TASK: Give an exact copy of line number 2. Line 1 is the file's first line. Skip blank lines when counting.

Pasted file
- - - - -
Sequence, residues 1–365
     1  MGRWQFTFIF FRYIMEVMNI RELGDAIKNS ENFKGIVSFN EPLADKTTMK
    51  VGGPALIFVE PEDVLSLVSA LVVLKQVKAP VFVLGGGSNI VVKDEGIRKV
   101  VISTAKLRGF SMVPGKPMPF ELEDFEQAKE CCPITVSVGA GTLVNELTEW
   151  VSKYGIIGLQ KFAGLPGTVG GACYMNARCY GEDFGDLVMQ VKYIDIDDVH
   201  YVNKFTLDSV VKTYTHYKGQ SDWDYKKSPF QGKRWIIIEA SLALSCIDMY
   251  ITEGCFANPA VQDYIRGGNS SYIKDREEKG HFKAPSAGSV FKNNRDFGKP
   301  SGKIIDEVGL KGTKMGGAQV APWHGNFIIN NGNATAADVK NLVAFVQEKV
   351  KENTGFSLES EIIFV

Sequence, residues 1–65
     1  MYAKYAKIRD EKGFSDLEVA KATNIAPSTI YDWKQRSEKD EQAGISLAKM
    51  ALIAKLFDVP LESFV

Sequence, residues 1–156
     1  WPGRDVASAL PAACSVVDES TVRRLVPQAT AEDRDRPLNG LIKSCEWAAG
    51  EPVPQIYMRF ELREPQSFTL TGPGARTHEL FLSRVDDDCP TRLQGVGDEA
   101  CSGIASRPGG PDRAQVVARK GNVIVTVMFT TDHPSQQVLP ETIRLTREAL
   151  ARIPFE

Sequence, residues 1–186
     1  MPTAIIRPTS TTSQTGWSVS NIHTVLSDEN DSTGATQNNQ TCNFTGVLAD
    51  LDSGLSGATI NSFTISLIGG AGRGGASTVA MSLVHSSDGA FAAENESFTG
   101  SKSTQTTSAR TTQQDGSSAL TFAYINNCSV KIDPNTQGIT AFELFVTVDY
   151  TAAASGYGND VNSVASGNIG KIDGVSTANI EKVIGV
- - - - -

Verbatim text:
     1  MGRWQFTFIF FRYIMEVMNI RELGDAIKNS ENFKGIVSFN EPLADKTTMK